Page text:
For starters, before I detail ordinary panic and anxiety attack symptoms, I’d like to take a moment to clarify that a “symptom” is something that doctors observe to distinguish specific illnesses and diseases. The majority of anxiety disorders aren’t medical diseases. They are behavioral problems. Which is to say that there is likely not anything physically wrong with you that’s producing panic or anxiety attacks, but instead you have problems with panic and anxiety attacks because you are reacting to anxious thinking and “what if” thoughts.
For those who suffer through stress and anxiety when you can find nothing to rationally be terrifiedof, you’re having an inappropriate degree of anxiety. This is most likely a result of stressing about situations that are out of your control, or even a unending sequence of “what if” questions that simply disturb you and rachet up your panic even more.
Seeing as every individual is special, each person will face different panic attack signs or symptoms. We each react to stress- and worry-inducing events in a different way, but listed below are some regularly occurring ones that people often feel.
- Rushing heart or fast heartbeat
- Profuse sweat or perspiration
- Bodily shaking or shuddering
- Feeling as if you are about to choke
- Feeling short of breath
- Upper body aches (often leading quite a few to think they are having a heart attack)
- Queasy or a sinking feeling in the stomach
- Disorientation or faintness
- Light-headed feelings
- Derealization (feeling as if you’re inside a dream or like everything is unreal)
- Depersonalization (away from your body or that you don’t exist)
- Fears you may go crazy
- A numb sensation on your face, your hands, or toes (called “tetany,” which can be a result of strenuous deep breathing)
- Chilly or burning sensations
- Skin getting pale or loss of color
- Acute urges to run to the toilette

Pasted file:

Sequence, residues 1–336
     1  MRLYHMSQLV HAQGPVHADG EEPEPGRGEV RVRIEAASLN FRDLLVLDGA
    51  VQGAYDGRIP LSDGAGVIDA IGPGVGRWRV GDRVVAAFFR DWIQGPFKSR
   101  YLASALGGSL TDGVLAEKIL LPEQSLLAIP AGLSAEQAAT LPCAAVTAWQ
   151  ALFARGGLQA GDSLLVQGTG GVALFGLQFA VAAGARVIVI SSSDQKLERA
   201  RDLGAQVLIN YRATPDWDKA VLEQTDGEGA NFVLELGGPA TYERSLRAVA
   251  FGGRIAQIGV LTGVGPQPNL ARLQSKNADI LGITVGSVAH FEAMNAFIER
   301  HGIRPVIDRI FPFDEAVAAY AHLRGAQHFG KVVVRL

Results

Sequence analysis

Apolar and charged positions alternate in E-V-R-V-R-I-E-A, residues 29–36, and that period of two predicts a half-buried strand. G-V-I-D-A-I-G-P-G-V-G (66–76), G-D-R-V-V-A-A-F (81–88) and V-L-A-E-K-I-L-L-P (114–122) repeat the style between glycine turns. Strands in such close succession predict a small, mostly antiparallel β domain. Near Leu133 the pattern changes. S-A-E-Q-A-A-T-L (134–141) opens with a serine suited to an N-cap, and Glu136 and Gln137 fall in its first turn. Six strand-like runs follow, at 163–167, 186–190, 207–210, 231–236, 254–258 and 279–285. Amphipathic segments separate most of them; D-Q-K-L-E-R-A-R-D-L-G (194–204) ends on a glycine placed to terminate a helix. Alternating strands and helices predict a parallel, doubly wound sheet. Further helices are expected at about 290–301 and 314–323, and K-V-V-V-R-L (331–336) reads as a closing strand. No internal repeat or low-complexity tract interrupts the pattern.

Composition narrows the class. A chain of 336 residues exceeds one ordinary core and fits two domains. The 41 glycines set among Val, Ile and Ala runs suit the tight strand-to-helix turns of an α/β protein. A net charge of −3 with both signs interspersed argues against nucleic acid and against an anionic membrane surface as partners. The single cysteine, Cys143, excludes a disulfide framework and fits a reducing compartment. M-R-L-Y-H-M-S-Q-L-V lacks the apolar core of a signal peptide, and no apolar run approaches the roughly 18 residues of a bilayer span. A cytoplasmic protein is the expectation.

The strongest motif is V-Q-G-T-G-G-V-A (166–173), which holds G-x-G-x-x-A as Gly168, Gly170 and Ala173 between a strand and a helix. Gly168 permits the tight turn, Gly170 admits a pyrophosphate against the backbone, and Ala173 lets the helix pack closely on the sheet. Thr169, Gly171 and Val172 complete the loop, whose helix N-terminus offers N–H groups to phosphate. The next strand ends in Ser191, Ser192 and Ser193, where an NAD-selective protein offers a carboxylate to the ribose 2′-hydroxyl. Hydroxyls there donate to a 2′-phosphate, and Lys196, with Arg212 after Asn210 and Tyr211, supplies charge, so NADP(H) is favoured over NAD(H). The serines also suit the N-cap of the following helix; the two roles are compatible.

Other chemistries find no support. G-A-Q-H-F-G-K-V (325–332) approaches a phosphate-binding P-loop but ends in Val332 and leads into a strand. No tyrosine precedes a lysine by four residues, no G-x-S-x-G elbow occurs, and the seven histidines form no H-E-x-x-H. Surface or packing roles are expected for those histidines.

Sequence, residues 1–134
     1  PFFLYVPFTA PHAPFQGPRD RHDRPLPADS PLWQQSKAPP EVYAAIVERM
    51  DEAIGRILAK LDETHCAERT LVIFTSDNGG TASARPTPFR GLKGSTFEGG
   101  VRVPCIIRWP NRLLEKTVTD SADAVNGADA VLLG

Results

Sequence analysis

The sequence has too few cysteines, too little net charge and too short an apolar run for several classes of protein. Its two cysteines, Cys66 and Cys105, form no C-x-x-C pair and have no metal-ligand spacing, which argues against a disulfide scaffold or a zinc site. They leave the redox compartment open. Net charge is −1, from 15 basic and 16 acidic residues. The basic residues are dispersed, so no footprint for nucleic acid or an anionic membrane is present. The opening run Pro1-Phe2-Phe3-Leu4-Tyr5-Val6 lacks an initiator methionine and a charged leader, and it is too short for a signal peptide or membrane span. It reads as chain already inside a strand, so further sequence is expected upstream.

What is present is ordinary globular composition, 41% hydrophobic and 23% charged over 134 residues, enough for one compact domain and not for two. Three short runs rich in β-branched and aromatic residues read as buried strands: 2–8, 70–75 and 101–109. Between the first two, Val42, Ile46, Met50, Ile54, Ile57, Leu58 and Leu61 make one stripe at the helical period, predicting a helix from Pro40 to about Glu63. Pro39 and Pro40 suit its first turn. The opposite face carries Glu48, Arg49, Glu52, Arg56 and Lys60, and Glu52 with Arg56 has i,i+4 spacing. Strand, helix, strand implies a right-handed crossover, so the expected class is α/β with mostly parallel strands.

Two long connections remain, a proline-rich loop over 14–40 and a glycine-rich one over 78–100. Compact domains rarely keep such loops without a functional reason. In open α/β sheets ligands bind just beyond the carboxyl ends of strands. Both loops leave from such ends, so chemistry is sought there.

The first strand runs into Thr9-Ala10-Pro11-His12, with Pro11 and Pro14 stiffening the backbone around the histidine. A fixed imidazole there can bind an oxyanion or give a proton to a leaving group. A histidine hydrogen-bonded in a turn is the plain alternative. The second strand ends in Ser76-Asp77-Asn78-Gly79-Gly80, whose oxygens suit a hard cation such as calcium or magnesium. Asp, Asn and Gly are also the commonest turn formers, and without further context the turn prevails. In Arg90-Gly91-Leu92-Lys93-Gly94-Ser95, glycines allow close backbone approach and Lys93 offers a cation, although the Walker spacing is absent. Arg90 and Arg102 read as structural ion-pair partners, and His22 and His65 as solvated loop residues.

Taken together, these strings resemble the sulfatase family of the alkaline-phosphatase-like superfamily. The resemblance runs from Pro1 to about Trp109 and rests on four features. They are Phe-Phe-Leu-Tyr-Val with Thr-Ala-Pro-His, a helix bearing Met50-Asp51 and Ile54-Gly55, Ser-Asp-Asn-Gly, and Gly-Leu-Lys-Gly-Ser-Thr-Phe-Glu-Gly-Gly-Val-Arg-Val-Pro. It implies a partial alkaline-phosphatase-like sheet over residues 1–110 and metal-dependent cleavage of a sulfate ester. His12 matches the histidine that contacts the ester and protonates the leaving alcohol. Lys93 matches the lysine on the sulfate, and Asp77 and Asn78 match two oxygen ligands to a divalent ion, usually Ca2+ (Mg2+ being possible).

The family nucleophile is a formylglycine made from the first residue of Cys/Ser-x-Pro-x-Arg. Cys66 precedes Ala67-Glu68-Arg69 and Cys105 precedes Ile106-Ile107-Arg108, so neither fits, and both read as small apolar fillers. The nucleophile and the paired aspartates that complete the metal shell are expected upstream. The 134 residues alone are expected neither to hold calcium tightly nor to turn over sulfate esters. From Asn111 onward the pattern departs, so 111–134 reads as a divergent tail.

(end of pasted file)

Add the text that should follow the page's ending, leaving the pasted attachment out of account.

- Disturbing or frightening thought processes
- Muscle cramping in your shoulders or neck
Plus, after a panic or anxiety attack, several people will form a fear of experiencing yet another anxiety attack. This oftentimes results in these folks steering clear of a variety of things or places they have come to link with their original anxiety attack. This “low-volume” of chronic stress and anxiety that comes after a panic and anxiety attack is typically called generalized anxiety disorder (GAD).
It is also significant that you should understand that, it doesn’t matter how frightening your panic or anxiety attack symptoms could be (and they might be quite frightening many times), you aren’t in any genuine danger. Nobody has actually died from a panic attack. So find comfort in the notion that what you are suffering from will go away and that it will not leave you with any harm to your body or mind.
Once again, these are just a few of the typical panic attack symptoms you could encounter. You could feel all of these, or just a few. In the event you experience a lot of symptoms, it does not automatically imply your predicament is worse than if you’ve just experienced limited number of them. And this is under any circumstances an thorough list. You can experience a panic or anxiety attack and not experience any of the above symptoms at all.